The data centre business has received strong tailwinds over the past six months – from an unlikely source – the Covid-19 pandemic. Even as the pandemic and associated restrictions threw life and business out of gear, stalling growth in most sectors, it became a massive catalyst for digital adoption.
The upshot has been an exponential growth in data generation; this has created unparalleled demand for data centres in India. Add to this the government’s norms on data localisation, and the industry has a booster like never before.
The Indian data centre industry, which accounts for 1-2 per cent of the global pie, is estimated to have clocked a compound annual growth rate (CAGR) of 15-20 per cent since fiscal 2016 to touch $1bn in fiscal 2019 and $1.2bn in fiscal 2020. This growth rode on a sharp increase in internet penetration from 30 per cent in fiscal 2016 to 55 per cent in fiscal 2019.
With Covid-19, the data consumption has seen a sharp 38 per cent rise on-year in Q1FY21. The industry is expected to log a rapid 25-30 per cent CAGR to $4.5-5bn by fiscal 2025. The growth drivers include an exponential surge in data being generated and a growing need for local data storage in line with the government’s thrust on data localisation.
The industry capacity, which stood at 360MW in fiscal 2020, is expected to expand more than threefold to reach 1,100-1,200MW by fiscal 2025. This estimated growth can be attributed to GoI’s announcement towards investments in this segment. Over the past three years, $4-5bn in investments has been announced for the expansion of brown-field and green-field projects.
The rapid growth is driven by a need to expand capacity for data storage on account of exponential growth in data volume and penetration (75 per cent by fiscal 2025). This increase in data volume would be supported by high growth in e-commerce, increase in usage of social media, greater preference for over the top platforms, the government’s impetus to the Digital India initiative, and rapid digitalisation of services across industries, especially those that use Industry 4.0 and 5G.
GoI-initiated data localisation norms that mandate the storage of sensitive data within India will also support development of local data centres. Digital India is the other GoI programme; Project Meghraj, a national cloud initiative, aims to host several government applications and services on the cloud.
Various other factors will fuel the growth of data centres. The transition to IaaS (Infrastructure as a Service) based offering, higher adoption by IT, and e-commerce and media will boost the demand for data centres. According to NASSCOM, as of fiscal 2020 more than three-quarters of the total IT infrastructure expenditure was focused on a captive and co-location-based operating model.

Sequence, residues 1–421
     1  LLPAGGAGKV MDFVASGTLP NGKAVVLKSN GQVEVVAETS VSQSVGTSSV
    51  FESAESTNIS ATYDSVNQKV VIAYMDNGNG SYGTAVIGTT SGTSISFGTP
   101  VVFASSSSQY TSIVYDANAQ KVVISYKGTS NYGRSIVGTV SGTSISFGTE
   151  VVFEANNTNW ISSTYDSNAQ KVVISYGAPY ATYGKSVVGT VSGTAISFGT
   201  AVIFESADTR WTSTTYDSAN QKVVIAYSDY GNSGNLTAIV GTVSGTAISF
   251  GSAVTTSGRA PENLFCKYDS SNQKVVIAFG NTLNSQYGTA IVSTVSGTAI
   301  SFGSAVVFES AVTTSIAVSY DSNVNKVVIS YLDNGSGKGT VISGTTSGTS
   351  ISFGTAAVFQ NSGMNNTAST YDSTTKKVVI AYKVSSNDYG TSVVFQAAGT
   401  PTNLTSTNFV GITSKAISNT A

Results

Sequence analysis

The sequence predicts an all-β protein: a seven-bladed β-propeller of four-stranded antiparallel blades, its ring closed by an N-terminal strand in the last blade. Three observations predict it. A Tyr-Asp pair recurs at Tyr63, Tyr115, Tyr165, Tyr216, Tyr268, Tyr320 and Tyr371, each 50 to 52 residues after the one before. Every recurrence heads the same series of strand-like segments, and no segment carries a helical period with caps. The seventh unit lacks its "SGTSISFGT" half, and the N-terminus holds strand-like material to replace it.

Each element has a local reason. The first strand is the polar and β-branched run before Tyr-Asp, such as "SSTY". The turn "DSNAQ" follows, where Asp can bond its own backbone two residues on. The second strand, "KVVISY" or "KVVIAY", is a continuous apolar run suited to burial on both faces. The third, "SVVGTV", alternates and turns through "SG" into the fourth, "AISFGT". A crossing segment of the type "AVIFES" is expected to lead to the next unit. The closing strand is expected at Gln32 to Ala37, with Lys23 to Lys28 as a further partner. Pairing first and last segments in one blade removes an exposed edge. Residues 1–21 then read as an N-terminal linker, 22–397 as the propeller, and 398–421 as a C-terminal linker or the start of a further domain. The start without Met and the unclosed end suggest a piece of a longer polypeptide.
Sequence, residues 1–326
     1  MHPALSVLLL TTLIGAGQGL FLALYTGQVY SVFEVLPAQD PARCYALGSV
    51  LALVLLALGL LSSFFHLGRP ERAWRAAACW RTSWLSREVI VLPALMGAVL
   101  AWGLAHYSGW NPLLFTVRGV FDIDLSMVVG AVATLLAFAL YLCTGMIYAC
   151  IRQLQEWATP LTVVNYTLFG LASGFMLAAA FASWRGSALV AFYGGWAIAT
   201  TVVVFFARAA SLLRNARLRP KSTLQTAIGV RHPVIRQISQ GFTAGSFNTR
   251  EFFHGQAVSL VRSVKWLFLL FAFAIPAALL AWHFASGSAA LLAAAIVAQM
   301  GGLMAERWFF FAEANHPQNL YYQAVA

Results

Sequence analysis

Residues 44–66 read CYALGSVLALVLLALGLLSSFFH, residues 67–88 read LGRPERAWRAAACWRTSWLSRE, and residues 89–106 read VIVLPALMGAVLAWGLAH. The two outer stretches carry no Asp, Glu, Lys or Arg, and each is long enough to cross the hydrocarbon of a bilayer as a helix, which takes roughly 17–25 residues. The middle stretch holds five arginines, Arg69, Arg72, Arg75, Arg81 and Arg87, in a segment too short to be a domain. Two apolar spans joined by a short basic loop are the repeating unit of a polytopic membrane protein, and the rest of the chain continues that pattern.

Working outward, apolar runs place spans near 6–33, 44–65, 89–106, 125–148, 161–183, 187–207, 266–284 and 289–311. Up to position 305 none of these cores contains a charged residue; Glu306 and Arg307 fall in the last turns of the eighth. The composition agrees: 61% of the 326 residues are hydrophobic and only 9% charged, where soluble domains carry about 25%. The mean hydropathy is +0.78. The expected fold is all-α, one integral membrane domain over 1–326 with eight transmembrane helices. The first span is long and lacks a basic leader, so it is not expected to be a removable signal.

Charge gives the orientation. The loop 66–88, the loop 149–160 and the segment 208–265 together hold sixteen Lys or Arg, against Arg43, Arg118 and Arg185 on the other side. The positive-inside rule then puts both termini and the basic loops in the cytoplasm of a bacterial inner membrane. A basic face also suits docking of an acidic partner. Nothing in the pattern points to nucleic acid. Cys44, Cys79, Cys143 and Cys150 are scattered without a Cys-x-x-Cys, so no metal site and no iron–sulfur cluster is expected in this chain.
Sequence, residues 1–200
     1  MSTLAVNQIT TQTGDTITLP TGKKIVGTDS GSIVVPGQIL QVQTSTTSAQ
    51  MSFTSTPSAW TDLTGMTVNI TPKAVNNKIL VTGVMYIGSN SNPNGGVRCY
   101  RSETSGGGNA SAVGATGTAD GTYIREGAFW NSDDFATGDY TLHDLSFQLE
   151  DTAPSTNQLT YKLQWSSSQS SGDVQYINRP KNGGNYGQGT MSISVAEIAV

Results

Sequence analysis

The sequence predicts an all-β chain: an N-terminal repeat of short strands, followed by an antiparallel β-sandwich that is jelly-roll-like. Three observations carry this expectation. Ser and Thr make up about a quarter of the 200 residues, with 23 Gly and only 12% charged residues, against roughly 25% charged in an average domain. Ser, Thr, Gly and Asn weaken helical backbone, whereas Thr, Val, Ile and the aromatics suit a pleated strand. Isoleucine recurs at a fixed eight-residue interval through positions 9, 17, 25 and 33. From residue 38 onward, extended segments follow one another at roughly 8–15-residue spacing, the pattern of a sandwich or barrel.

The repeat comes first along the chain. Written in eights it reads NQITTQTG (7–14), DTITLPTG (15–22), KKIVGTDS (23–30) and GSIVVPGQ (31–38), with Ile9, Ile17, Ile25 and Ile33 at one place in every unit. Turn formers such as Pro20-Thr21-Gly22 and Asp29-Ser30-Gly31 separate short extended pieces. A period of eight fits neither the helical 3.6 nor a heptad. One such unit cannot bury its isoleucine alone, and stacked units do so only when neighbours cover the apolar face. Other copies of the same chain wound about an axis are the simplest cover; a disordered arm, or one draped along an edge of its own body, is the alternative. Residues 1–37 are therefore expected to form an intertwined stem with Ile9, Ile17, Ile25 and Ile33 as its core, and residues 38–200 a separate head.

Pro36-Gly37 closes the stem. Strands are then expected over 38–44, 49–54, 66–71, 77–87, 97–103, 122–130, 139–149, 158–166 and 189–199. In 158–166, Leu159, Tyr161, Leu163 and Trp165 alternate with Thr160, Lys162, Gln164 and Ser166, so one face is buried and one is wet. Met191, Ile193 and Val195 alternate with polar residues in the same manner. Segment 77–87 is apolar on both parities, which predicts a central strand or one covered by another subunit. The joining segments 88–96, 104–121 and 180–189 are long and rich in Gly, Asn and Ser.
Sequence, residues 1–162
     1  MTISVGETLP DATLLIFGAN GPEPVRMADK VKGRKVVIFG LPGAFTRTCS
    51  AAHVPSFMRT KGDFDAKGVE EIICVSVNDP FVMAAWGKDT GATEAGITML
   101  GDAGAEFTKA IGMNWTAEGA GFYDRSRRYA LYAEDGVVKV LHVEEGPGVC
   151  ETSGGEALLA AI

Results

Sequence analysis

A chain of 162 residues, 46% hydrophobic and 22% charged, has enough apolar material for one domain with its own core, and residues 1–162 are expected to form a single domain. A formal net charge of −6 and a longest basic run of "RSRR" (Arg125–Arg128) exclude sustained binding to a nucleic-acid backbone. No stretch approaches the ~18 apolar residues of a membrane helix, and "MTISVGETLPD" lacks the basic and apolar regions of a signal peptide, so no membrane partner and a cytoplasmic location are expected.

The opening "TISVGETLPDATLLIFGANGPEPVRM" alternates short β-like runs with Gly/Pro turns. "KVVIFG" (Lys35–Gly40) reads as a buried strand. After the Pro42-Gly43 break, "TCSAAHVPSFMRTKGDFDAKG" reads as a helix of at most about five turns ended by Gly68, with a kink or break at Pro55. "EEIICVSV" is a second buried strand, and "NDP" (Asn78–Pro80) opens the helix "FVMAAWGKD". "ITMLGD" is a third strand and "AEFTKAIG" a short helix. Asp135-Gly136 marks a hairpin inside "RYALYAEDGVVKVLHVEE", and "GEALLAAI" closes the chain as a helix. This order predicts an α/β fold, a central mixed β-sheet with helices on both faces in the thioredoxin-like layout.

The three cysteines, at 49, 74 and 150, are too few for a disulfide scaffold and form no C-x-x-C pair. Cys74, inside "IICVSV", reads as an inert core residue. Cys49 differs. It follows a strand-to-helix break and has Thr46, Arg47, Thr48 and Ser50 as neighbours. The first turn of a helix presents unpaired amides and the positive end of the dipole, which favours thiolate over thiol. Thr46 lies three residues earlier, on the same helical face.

By fiscal 2025, however, the share of IaaS in IT infrastructure expenditure is forecast to increase to more than 40 per cent.
CRISIL Research expects the shift towards IaaS to continue as the rapid adoption of Industry 4.0-led revolution leads to exponential growth in data volume and increases the need for scalability of resources. This growth will be driven by non-regulated sectors.
The data centre industry has been largely concentrated in top four cities, with Mumbai, Delhi, Bangalore and Chennai accounting for 60 per cent of total data centre sites and more than 75 per cent in terms of IT load capacities.
Some state governments already have incentives in place for the data centre industry. For instance, Maharashtra and Telangana are offering incentives in land and electricity, along with a special single-window clearance for permissions to set up data centres.
Considering the challenges in setting up data centres, larger international players have acquired local players to foray into the Indian market – for instance, Netmagic was acquired by NTT, a Japanese firm. CRISIL Research expects such acquisitions and partnerships to continue, given the projected growth in the data centre business.
All this was outlined in the November 2020 CRISIL Research Report titled ‘Demand for data centres goes viral. When pandemic is a blessing in disguise’.